yeloson: (pic#459020)
This book started off promising enough. But, ugh.

The story takes place in a very cyberpunk sci-fi future. At some point, people developed a form of warp drive... but found out too late that it was causing long-term genetic mutation. Earth decided to cut off the colonies for fear of genetic contamination and give up on space travel.

A few centuries later, the mutant colonies have developed a better warp drive that involves jumping into an alternate dimension, and basically set up a massive plan to re-contact all the colonies. So you have this galactic civilization of "aliens" who are all really human mutations - "Variants"

The story follows Jamisia, a young woman who Is Being Tested On By An Evil Corporation For Mysterious Ends (TM), who escapes, and is being chased around the galaxy for the Mysterious Stuff Locked Inside Her Head.

What turns out to be a bit more interesting, is that she suffers from Multiple Personality Disorder as a side effect of the testing, which is pretty much unheard of at this point - gene modification has gotten to the point where mental disorders are all removed in childhood. Instead of simply painting this as "Augh! You crazy!", the story flips it a bit by showing off how her other personalities are able to work with her, as a team to help her.

I kept reading, thinking, "Ok, she's going to go from running scared to becoming this awesome Avengers-Unite! leader of her MPD and unlock her Awesome Hidden Powers, right?" Instead, she spends the entire book without agency, running for her life and depending on men to make decisions for her.
How to write a novel about a woman who's really a walking MacGuffin )
yeloson: (Default)
So, lots of comic requests! I've been mostly re-reading old stuff right now. Culdcept is a manga that was based loosely on a videogame series that came out on the PS1 & PS2, and was a combination of Magic the Gathering, a board game, and Pokemon rolled into one.

The manga follows Najaran, a young summoner ("Ceptor") and her animated magic cane, Golligan as she travels the world fighting the classic "Big Evil" set of villains.

The fantasy world created in the series is really interesting twists on classic fantasy tropes. The "Great War" was actually a full-out battle between the dragons and an evil sorcerer= so bad the Goddess had to step in and her holy book, the Culdcept, was shattered into thousands of fragments - the individual "cards" that the Ceptors use to summon creatures and items. Because the Culdcept included everything that was, or will be, some of the summons are fantastically futuristic - the "Knight" for example, is a giant mecha-knight.

Najaran is a pretty awesome character that manages to avoid the usual shonen manga traps- she's not hypersexualized, she's not overshadowed by male characters - it's very much about her and her adventure. The story manages to stay light hearted - though on a giant quest, Najaran, personally, is mostly concerned with what tasty foods await her around the world. Golligan, despite being an ancient artifact, gets used for the most mundane of tasks- stirring soup, being used as a pole to dry laundry, etc.

There's only 5 volumes in the whole series, so it's not a giant read, and it's fun and well drawn. Kaneko's sense of pacing is excellent - I never feel lost in reading the panel layout or following the action. It's a fun, short series that I found entertaining and love coming back to.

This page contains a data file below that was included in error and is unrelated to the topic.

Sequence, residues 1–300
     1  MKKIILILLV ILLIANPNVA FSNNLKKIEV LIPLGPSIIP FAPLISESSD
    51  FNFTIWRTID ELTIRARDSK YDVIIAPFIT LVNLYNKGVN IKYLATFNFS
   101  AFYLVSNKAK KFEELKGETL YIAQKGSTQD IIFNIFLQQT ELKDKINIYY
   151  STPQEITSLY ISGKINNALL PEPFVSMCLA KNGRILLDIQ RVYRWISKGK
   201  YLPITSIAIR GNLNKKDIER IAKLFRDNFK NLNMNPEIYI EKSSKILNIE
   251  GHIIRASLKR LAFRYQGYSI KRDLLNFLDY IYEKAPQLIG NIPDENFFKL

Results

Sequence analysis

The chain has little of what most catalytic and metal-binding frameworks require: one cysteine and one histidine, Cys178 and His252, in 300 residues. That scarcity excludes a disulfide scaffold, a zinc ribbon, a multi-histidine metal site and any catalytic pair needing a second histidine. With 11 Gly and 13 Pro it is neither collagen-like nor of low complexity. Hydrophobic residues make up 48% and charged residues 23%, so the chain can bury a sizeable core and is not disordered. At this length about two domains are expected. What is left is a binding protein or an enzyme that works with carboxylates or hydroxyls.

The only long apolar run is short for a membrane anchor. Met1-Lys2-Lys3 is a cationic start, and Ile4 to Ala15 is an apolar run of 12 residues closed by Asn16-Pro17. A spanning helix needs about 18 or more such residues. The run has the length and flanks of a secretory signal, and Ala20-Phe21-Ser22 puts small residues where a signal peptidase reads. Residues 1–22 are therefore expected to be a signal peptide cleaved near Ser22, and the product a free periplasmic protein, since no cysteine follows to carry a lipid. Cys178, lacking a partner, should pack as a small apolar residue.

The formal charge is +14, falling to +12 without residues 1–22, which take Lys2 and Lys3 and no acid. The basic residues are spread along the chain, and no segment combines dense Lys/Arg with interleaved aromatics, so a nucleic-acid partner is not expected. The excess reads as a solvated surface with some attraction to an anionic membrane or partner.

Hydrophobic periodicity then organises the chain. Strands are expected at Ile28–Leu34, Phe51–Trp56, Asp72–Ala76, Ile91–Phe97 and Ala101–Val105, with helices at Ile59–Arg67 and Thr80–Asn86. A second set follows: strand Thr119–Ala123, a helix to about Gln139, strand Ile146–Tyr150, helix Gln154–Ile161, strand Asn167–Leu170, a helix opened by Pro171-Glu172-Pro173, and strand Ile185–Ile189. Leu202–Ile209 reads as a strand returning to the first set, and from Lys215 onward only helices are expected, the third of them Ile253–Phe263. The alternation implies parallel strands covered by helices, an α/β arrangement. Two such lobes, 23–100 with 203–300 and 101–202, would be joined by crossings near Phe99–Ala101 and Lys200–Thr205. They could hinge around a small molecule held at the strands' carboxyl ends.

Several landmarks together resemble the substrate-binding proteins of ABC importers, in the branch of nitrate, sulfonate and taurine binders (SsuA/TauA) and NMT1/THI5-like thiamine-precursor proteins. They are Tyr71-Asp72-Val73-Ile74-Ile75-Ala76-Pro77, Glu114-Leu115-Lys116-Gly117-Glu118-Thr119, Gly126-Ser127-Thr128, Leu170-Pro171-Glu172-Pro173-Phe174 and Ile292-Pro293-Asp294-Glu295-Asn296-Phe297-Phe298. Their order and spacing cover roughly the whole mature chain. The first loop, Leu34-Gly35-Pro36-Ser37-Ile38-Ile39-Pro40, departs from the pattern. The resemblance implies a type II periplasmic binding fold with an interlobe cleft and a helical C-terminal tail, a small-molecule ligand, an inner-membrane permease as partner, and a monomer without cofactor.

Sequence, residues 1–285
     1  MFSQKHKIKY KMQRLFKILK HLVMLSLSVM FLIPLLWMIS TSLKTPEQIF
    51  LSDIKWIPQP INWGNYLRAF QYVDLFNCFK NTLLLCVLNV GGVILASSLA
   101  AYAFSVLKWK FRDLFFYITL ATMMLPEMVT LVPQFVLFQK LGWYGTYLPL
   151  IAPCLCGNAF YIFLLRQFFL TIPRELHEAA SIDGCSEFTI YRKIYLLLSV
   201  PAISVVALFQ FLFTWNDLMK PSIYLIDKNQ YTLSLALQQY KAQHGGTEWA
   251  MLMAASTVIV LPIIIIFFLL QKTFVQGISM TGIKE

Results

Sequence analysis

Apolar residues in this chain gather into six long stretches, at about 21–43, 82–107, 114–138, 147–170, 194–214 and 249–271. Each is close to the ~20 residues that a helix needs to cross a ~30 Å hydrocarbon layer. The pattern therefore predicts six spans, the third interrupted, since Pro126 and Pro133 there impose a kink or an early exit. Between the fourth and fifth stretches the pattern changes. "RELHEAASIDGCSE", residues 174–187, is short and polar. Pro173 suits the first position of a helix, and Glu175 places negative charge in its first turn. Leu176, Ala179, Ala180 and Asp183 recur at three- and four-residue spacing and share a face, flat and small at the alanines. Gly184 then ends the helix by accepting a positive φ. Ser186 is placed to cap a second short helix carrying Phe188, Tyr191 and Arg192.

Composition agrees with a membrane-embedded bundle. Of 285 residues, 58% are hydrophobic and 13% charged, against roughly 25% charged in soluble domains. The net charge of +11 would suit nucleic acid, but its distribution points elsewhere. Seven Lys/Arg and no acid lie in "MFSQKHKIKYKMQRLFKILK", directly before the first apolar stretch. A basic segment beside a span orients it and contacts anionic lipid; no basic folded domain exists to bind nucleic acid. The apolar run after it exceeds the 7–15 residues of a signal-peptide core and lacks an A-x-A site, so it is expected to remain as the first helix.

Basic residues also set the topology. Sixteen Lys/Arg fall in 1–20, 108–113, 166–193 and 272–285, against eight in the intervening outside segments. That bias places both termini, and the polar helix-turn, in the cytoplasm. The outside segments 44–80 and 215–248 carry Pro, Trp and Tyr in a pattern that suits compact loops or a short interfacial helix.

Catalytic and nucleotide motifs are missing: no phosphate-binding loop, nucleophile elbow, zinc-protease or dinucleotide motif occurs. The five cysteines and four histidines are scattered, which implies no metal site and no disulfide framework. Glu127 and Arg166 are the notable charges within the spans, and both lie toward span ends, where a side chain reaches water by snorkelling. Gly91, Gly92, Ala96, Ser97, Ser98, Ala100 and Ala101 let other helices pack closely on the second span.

Also: Najaran is a woman of color-
yeloson: (Default)
My friend loaned me this book which was a fun and intriguing read, though it definitely had some problematic elements. I'm interested enough to keep reading the rest of the trilogy at least.

So, you have this kingdom that has a prophecy that as long as a Queen rules, it shall never fall. Problem is, the last Queen was insane and tyranical - so after she passes, her son takes over in her place.

Which was working well for about 20 years, but things like famine, plague and drought constantly assail the land, and while he's not as much of a tyrant, he's still doing stuff like killing off female nobles who might inherit the land and beginning a pogrom against wizards.

That said, the one relative he won't kill, is his sister. Who ends up giving birth to twins - a boy and a girl. A few wizards, led by prophecy, have arranged to perform forbidden magic to hide the girl - the boy dies but the girl takes the form of a boy until they can establish her rule.

They succeed, mostly. The problem is they were supposed to prevent the boy from having his first breath (so the "spirit doesn't enter" the body) and fucked up. Which means instead of a simply a dead child, they've got a dead-ghost child that's bound to the earth as long as the sister holds his form.

Yeah, he's not happy about that either.

The book follows the girl, Tobin as she grows up, over protected and under informed, slowly teasing out bits of info about her destiny while getting caught up in politics. The relationship between her and her ghost brother is really interesting, and doesn't go in any of the expected directions I thought it would.

The writing about the levels of dysfunction in her family and the issues of being ill equipped to interact normally is something I think is really well done.

The book never does the big exposition thing that a lot of fantasy books do, "Oh, here are all the gods, and how they work" "Here is all the magic, and how it works" "Here is all the nations, and how they work" - instead you catch glimpses based on conversations and it flows very well. All of the fantastic elements never overshadow human nature and the way people act, which makes it really come alive.

The problematic stuff? Well, for a book that's effectively about genderswapping, there's some elements that play up the gender essentialism- for example, Tobin likes to play with dolls, or isn't into girls... which twigs some flags for me in terms of how the author is treating it. On the flip side, there's also a scene where someone explains to Tobin that homosexuality isn't something to be ashamed of and it's not a thing, even though it's not really talked about.